Galileo Japan Trust (GJT.AX) is an ASX-listed revaluation fraud masquerading as a Japanese real estate fund. Purportedly trading at a "market" price, in reality the share price of GJT is fixed by a cartel of fund managers consisting of Morgan Stanley, Macquarie Bank, Deutsche Bank and Allan Gray. After a "recapitalisation", this cartel deliberately ramped the "market" price of GJT, and then dumped the inflated shares on granny investors through various channels.
The criminals took $6m in direct fees from the "recapitalisation". They also charge real cash fees based on the unrealized "profit" they themselves engineered, with ramped GJT used as collateral for further fraud. This is not a matter of conjecture, it is a simple statement of fact. On June 12, Morgan Stanley received 4,791,489 shares of GJT as collateral. In the "recapitalisation", GJT raised money expressly for the purpose of reinstating distributions, since its held "assets" produce no actual cash flows whatsoever. There is a word for this too.
GJT was intentionally ramped until it was included in ASX300 index, allowing the criminals to unload some of the inflated shares on index funds mandated to blindly purchase such scams. This index inclusion fraud is now a common occurrence in Australia. The fund managers that pumped the price of GJT also dumped the shares on unwitting granny investors holding funds or life insurance products manufactured by the cartel. Given the immense arrogance of the criminals and tragicomical ineptitude of the regulators, it is highly likely the fund managers discussed their fraud in emails and recorded telephone conversations. They consider themselves untouchable.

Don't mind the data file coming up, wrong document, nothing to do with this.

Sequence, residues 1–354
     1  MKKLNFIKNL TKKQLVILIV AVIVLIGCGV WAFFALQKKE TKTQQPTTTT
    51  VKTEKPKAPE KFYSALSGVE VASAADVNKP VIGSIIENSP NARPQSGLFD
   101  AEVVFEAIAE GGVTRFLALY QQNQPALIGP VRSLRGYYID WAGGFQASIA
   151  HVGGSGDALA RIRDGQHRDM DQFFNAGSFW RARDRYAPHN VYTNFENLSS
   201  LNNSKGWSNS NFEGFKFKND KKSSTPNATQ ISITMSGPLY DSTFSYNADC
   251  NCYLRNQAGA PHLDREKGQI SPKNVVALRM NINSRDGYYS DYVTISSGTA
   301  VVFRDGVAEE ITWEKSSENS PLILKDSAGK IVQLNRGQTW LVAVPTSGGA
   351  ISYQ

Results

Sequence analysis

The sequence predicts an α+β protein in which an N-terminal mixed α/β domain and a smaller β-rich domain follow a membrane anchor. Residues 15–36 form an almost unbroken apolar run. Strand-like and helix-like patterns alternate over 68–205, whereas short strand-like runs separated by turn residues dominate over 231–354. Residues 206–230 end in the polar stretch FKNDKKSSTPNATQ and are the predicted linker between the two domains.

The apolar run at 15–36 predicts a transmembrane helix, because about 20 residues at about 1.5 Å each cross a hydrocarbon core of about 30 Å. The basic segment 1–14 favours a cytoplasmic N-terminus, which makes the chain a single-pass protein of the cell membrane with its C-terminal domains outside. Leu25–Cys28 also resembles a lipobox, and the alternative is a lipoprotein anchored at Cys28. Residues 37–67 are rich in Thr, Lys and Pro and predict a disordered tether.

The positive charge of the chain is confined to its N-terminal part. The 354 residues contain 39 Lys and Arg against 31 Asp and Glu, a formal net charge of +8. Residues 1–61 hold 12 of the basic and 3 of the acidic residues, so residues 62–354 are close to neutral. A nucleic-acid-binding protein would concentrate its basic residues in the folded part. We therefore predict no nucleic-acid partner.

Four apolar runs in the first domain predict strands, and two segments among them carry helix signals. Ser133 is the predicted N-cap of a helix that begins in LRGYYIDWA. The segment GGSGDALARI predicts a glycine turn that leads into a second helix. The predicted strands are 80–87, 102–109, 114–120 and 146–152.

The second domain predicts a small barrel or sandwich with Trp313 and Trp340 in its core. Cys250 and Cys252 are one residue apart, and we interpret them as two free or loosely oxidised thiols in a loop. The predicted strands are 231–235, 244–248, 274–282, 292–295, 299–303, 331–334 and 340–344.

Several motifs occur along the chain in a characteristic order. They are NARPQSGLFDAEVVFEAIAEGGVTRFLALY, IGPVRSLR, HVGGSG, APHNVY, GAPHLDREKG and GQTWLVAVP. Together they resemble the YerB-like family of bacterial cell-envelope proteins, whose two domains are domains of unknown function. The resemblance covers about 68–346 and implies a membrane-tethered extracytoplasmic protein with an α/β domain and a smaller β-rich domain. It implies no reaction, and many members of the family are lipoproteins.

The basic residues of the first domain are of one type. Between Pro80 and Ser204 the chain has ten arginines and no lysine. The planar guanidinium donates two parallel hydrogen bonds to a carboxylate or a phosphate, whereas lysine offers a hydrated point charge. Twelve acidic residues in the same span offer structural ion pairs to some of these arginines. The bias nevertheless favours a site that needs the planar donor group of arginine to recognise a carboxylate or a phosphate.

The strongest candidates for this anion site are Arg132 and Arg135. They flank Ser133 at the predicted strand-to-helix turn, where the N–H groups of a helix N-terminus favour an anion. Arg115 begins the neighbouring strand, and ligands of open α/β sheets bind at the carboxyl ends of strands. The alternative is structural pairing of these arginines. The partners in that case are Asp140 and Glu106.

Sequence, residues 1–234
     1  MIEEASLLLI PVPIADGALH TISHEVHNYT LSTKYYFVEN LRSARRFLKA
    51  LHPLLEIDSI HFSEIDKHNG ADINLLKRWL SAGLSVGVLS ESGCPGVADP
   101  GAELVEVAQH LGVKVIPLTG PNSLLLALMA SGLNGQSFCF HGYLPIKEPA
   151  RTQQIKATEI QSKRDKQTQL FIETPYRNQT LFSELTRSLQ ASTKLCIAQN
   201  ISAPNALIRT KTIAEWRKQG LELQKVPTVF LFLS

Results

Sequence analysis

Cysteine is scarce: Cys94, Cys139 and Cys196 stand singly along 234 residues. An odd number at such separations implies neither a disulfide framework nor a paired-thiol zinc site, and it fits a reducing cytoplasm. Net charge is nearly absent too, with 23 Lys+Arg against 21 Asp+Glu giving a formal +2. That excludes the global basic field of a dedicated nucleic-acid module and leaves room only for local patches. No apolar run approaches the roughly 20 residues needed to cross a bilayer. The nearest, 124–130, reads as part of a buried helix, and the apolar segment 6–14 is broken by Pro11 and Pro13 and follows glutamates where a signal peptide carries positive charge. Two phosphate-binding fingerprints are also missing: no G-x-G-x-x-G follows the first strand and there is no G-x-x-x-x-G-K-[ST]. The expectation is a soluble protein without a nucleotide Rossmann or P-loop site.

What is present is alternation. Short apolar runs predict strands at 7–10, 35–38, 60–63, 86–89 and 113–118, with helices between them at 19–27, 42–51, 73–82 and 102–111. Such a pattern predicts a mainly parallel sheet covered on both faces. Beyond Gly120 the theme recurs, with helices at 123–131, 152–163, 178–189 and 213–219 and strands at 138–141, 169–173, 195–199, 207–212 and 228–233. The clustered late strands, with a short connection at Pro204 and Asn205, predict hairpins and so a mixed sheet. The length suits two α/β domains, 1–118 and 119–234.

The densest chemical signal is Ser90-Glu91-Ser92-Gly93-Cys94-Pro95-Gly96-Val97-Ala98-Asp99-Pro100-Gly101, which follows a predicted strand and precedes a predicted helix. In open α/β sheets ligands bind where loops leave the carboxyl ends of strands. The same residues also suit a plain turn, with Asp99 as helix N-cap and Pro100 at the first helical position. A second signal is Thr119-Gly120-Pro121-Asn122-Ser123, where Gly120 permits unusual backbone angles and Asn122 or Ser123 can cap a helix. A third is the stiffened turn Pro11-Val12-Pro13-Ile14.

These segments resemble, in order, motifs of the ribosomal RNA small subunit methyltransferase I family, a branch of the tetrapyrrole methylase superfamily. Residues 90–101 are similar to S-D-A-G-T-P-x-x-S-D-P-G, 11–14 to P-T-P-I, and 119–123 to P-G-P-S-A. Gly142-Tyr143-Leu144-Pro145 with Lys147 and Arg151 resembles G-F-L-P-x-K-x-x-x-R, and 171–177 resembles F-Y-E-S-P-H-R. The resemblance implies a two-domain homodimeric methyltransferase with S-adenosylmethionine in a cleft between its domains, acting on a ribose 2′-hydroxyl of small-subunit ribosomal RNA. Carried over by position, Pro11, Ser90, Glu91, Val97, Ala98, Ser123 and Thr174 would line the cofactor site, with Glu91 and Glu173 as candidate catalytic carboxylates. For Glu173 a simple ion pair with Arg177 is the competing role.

The share price of GJT is openly manipulated by the cartel, to the point no reasonable person could even pretend a "market" determines its pricing. As a listed securities fraud, GJT follows the standard pattern of catastrophic long-term shareholder value destruction interspersed with ramps engineered to benefit insiders. Of course, according to ASIC this is just an inexplicable magical market mystery and not securities fraud at all.
This revaluation fraud is just as criminal as a bag snatching, and there is certainly no moral difference. However, the scammed grannies have zero recourse to the law, since these criminals control the regulators, legal system and media.